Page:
Most plants are perfectly happy to sit in their pots and grow without help. Some plants, however, prefer to grow up a pole. We’ve created this guide for you if you’re unsure how to use a moss pole, where to get one, and which plants might need one. This is a whole aspect of growing houseplants that isn’t always explained thoroughly, so here we’ll provide you with the information you need to successfully grow plants that prefer poles.
First, let’s talk about why you might want to use a plant pole. Of course, there’s the health of the plant. Out in the wild, there are plants called Epiphyte which means they use the support of another plant to grow. These plants will do better when grown on a type of plant pole. They tend to have bigger leaves, fuller vines, and are overall healthier.
Growing on a pole also means the plant might suit your space better. They take up less space than a training plant, and you won’t risk the leaves accidentally getting sucked up into the vacuum on cleaning day.
Although they prefer it, most climbing plants will still grow and thrive without something to climb. However, without a pole, these plants tend to droop and trail. This has a different look than climbing which might be what you prefer, but it’s essential to keep in mind, especially if the plant is young and isn’t big enough to trail or climb yet. As it matures, you’ll want to be aware of how a pole or lack thereof might affect its health and its aesthetic in your home.
Usually, plants don’t get access to as much light as hanging or trailing plants, so a pole might boost their growth and improve their health.
Training a plant up a pole is not as intimidating as it seems. It’s best to start when the plant is young, but you can still train an older, more mature plant. Before you put the pole in the pot, you might want to consider soaking it. This is especially true if it’s a moss pole. Many plants prefer the stake to be moist, and soaking the pole will encourage the plant to attach itself to the pole.
Once you’ve got the pole in the pot with the plant, you can start securing the plant to the pole. Take small sections of the vines, tie them to the stake, and wrap them around until you get all the vines on the pole. With younger plants, this is easier because they aren’t as large, and their vines are less stiff and stuck in their growth pattern. Older plants tend to get fixed in their growth and have a more challenging time bending and reshaping themselves. You might find they break more easily as you’re trying to fix them to the pole. Take your time and maybe decide to sacrifice a few vines to get the plant up the pole.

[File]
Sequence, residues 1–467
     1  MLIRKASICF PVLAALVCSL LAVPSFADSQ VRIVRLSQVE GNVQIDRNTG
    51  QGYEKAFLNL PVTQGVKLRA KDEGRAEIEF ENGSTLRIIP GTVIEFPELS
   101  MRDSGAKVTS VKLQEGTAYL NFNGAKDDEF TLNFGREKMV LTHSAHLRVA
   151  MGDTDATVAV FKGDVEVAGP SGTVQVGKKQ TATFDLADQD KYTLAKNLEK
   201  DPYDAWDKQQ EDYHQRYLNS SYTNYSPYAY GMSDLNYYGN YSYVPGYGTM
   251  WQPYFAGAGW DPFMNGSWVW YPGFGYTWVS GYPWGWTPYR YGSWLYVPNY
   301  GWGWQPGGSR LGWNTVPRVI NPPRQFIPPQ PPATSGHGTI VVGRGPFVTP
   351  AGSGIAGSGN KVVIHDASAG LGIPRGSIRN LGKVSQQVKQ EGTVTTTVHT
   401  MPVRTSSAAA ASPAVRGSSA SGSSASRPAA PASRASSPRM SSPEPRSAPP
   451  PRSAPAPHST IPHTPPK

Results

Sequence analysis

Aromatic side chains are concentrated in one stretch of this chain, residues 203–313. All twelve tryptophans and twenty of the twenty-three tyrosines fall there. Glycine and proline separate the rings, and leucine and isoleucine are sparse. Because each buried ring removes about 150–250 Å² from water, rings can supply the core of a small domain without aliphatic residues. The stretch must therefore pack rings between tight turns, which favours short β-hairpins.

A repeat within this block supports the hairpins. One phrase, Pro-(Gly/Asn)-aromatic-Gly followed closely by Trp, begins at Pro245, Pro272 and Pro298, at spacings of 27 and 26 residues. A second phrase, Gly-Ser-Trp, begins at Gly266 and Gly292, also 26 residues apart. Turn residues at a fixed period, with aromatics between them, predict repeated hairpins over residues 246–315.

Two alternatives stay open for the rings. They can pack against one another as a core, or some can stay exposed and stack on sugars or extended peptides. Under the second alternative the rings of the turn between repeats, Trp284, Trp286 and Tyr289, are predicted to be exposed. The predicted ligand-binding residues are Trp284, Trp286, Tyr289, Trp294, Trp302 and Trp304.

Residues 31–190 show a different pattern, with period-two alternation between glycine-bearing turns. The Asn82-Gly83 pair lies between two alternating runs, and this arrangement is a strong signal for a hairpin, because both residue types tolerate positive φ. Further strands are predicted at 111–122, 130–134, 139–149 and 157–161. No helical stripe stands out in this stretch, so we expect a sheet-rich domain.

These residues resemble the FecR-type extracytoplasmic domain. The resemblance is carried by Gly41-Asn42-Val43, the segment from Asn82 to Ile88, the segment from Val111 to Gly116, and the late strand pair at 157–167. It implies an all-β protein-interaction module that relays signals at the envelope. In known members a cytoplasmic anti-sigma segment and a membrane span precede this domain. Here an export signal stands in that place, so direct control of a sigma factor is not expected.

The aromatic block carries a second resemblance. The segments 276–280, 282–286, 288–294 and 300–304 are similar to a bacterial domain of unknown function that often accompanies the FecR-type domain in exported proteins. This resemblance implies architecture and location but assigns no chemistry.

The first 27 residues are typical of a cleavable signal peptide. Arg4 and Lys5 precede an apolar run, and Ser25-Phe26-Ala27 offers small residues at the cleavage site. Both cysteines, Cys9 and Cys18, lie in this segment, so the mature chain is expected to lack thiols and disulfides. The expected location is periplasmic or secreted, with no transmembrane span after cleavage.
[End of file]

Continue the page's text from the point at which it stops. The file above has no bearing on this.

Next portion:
The most common plants to grow up poles are monstera adansonii, monstera deliciosa, philodendron, and pothos. These would all prefer to grow up a pole rather than be left to vine or trail, and they all will have bigger, greener, and healthier leaves if they’re supported with a pole.
Over the last two years, the increased popularity of houseplants has made finding products like plant poles much easier on houseplant parents. Now you can find moss poles in almost any garden center or plant shop. However, if you can’t find any at local stores near you, here are three options we found online that would work perfectly for almost any climbing plant.
It’s pretty simple to assess whether or not it’s time to size up your plant pole. To make life easier on yourself, we first recommend selecting a pole at least a foot taller than your plant so you have plenty of space to use as the plant grows. We also suggest investing in a stackable pole like this one here. It makes adding length to the plant pole much easier on you and the plant.
However, if you have a pole that is too short and doesn’t have an extension, you’ll have to pull your plant off that old pole, remove the old pole carefully, and then add a larger and taller pole. It’s best to combine this plant care with repotting the plant. That way, you’ll already be removing the plant from the pot, and you can add the bigger pole without too much hassle.
If you’re lucky enough to have one of those beautiful vining plants in your collection, we think you’ll love training it to grow up a pole. Not only is it an attractive way to show off the plant, but it’s also much healthier for the plant.
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